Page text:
What are the demands of the labor market to which schools and universities must answer? Currently the market favors flexible, short-term and cheap labor. In addition, human labor is being rapidly transformed by technology. What we know for certain is that the market needs young, energetic people who are willing to intern, volunteer, work long hours, work remotely, continuously retrain and not make demands for benefits or job security.
Schools and universities can undeniably play a role in training a workforce in our rapidly changing times, but the role of education should not be merely to churn out workers, but to also cultivate “good societies.” What kind of education is needed to build a society in which its members can expect dignity and justice?
In the hands of technocrats and development economists, education has been systematically stripped of its social and cultural potential. The proponents of market-oriented education policies display a callous disregard for the ways in which schools and universities might strengthen social solidarity or be places for developing bonds across lines of difference; spaces where people might think and work together to find creative solutions to the challenges of contemporary life. Instead, the mainstream policy community, as it focuses obsessively on outputs, testing and short-term rewards, has delivered us their big idea — youth entrepreneurship.
It is not clear what percentage of the one hundred million 15-29 year olds in the Arab world — a third of the population — are supposed to become self-employed entrepreneurs. Such a push is reminiscent of the late 1980s, when UN agencies, global finance institutions and non-governmental organizations joined forces on a massive scale to promote microfinance to alleviate poverty. After more than three decades of experimentation and data collection, the evidence overwhelmingly points to that fact that microfinance does not cure poverty and has been “a death trap” and “disaster” for many. Small-scale, temporary income generation cannot be a substitute for stable work and social protection.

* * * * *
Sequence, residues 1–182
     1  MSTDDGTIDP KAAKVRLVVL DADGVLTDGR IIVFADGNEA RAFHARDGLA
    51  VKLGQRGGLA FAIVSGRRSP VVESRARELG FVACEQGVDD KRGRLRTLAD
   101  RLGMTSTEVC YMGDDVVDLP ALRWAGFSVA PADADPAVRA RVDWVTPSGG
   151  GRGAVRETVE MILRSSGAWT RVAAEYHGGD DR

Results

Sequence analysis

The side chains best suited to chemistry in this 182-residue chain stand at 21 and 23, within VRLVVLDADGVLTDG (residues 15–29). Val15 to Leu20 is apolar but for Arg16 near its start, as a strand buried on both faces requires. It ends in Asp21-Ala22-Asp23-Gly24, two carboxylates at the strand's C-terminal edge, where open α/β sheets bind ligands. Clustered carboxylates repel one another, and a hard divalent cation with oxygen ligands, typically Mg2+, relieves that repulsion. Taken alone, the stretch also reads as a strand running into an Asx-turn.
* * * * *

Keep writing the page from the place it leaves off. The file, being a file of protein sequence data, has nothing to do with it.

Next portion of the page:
Likewise, evidence is mounting that indicates youth entrepreneurship, while it clearly benefits a few in the short term, is more likely to lead the young deeper into debt. We know from the student debt crisis in the United States and Europe that debt results in insecurity, feelings of hopelessness and precarity.
Evidence is mounting that youth entrepreneurship is more likely to lead the young deeper into debt
The pages of the report are peppered with examples of success stories, the dream being that any Arab entrepreneur could be the next Steve Jobs. While youthful drive and ambition are positive qualities, it is unfair and disingenuous to propagate the myth that anyone with an idea, grit and determination can be an entrepreneur.
Economist Mariana Mazzucato has written extensively on how companies in the “new economy,” such as Apple, Google and others, “that like to portray themselves as the heart of US entrepreneurship, have very successfully surfed the wave of US government-funded investments.” The internet, GPS, touchscreen display and Siri are among the “startups” that benefitted from steep US government funding. If Arab governments and businesses are serious about youth entrepreneurship, they should provide resources and fund foundations to guide and support young talent, not lead them down a road of debilitating debt.
If we listen to, respect and take seriously the voices of youth that rang out six years ago during the Arab uprisings, and that continue today, we will understand that these ideas for youth development, steeped in a paradigm of finance capitalism, are not working. Business cannot continue as usual.
It is time to genuinely join forces to imagine and enact policies and programs that support youth in their collective struggles. Social policies should help young people reach a road to opportunity, security and dignity, not push them further along a perilous path of precarity.